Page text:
Annual Reports in Medicinal Chemistry provides timely and critical reviews of important topics in medicinal chemistry with an emphasis on emerging topics in the biological sciences that are expected to provide the basis for entirely new future therapies. * Reviews on hot topics of interest in small molecule drug discovery heavily pursued by industrial research organizations* Provides preclinical information in the context of chemical structures* Knowledgeable section editors who evaluate invited reviews for scientific rigor
About the Author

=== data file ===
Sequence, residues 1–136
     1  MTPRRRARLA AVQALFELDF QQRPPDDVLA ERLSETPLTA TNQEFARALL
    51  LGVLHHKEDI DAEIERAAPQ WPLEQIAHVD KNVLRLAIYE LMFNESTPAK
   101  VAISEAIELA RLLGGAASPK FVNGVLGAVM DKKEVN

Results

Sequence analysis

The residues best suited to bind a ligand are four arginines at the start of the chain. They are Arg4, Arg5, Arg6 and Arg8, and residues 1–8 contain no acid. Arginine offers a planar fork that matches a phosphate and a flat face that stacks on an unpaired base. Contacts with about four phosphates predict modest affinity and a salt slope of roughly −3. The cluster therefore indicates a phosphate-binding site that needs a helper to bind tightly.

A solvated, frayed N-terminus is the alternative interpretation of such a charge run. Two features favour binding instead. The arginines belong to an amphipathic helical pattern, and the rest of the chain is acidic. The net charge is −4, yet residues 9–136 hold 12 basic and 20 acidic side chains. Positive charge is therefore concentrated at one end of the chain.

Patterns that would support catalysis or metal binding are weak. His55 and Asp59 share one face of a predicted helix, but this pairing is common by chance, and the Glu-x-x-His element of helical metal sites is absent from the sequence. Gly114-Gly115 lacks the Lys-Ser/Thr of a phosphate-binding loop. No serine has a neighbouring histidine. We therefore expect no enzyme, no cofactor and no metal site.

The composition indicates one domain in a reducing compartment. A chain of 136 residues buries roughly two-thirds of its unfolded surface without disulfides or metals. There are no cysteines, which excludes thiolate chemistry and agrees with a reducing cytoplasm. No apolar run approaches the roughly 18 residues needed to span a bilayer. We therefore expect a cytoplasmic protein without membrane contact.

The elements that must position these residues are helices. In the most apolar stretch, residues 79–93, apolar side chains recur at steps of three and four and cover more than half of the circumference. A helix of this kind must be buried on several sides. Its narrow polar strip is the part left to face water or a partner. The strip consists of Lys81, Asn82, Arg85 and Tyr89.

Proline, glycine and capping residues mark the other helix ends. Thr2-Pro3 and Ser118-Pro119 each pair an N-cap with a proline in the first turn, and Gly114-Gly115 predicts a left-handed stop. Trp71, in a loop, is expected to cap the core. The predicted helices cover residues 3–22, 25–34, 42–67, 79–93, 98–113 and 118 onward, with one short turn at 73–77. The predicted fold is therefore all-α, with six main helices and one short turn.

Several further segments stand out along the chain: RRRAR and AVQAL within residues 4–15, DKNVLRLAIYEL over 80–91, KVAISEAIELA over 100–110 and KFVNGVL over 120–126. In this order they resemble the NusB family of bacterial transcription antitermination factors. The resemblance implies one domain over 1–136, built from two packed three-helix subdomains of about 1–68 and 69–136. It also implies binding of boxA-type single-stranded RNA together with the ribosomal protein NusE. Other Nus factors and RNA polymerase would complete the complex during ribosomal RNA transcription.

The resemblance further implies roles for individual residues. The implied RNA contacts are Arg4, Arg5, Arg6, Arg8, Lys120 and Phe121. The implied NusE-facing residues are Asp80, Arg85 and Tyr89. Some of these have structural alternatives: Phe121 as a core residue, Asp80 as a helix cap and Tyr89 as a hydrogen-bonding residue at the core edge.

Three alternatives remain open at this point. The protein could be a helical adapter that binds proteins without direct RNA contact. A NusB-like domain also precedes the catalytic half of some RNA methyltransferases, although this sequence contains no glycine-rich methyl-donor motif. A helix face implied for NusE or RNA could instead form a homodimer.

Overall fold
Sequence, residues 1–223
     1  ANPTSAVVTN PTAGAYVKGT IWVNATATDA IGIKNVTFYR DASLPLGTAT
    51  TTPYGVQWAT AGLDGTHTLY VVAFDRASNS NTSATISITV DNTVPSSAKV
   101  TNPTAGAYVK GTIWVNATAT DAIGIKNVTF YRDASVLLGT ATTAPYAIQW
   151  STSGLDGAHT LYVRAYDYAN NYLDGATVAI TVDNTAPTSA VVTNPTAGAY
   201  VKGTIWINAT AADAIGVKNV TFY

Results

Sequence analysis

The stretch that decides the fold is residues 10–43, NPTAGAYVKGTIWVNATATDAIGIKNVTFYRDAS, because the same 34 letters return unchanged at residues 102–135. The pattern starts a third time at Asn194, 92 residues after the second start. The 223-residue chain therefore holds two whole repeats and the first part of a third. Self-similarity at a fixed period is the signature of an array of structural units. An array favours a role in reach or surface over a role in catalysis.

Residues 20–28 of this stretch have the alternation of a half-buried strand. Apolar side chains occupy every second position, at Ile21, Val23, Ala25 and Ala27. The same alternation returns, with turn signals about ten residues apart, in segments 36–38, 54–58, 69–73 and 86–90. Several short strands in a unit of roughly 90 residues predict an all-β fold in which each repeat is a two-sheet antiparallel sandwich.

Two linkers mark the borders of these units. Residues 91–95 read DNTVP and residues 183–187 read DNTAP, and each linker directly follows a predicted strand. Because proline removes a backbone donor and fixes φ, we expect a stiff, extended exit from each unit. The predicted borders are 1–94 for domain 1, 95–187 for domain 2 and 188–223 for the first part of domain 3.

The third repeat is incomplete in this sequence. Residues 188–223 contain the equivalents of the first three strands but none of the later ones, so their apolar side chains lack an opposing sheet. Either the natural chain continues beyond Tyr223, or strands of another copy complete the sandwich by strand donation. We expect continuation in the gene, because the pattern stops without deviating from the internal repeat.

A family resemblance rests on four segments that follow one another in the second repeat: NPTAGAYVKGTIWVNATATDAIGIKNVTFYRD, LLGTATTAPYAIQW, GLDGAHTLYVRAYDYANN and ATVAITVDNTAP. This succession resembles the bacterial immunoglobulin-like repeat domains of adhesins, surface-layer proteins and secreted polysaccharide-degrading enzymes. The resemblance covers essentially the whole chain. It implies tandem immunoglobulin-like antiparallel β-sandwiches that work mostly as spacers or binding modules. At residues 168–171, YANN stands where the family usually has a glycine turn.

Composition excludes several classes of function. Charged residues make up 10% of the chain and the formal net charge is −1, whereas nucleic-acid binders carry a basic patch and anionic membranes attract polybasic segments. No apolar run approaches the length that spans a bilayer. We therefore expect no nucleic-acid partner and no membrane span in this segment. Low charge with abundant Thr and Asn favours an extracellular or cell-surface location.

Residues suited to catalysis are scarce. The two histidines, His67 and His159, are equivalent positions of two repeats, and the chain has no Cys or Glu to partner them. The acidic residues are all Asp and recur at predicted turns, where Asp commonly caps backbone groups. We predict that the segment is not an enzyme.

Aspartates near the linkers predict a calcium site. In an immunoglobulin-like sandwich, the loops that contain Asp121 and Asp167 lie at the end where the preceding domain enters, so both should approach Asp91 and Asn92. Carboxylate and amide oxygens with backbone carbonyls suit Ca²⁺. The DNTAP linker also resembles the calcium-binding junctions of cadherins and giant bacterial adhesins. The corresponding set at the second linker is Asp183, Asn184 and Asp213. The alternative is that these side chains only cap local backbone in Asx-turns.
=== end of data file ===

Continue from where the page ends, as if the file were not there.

Dr. Manoj Desai began his career in the pharmaceutical industry at Pfizer Inc, Central Research Division, Groton, CT (1986-1994) before moving to Chiron Corporation (1994-2003) as Director of medicinal chemistry; he was promoted to Vice President, lead discovery and medicinal chemistry (2000). In October 2003, he was appointed Vice President of medicinal chemistry at Gilead Sciences. At Pfizer, he was responsible for the medicinal chemistry efforts that lead to the discovery of oral Substance P antagonist CP-99994 which became the basis for the discovery of the new anti-emetics. At Chiron he formulated macrobead technology for the synthesis and screening of compound libraries for HTS and built the medicinal chemistry department with focus on kinase inhibitors. At Gilead, he was an active proponent to develop a pharmacoenhancer devoid of antiviral activity to improve the pharmacokinetics of integrase inhibitor elvitegravir. These efforts led to the discovery of Cobicistat which is one of components of StribildTM that was approved by FDA in August 2012 for the treatment of HIV infection. He is co-inventor on patents of Cobicistat (US 8,148,374), StribildTM and Ledipasvir (US 8,273,341; Phase III). Furthermore, his group at Gilead has advanced numerous compounds into clinical development for the treatment of antiviral diseases, cancer and cardiovascular diseases. Dr. Desai obtained Ph.D. in organic chemistry from the M.S. University of Baroda in 1981 working with Dr. Sukh Dev and then carried out post-doctoral fellowships at Purdue University working with Professor Herbert C. Brown (19981-1983) and at Harvard University with Professor Elias J. Corey (1983-1986). During his postdoctoral studies, he worked on natural product isolation, development of asymmetric synthetic methods using organoboranes and total synthesis of complex natural products such as retigeranic acid, ?-trans bergamotene and ginkgolide B. He has co-authored >60 publications in peer reviewed journals and is an inventor on >25 issued patents. Furthermore, Dr. Desai is Editor-in-Chief for Annual Reports in Medicinal chemistry (2012-current), and have co-edited Comprehensive Medicinal Chemistry II (volume 7). In 2013, he co-edited book titled “Successful Strategies for the Discovery of Antiviral Drugs .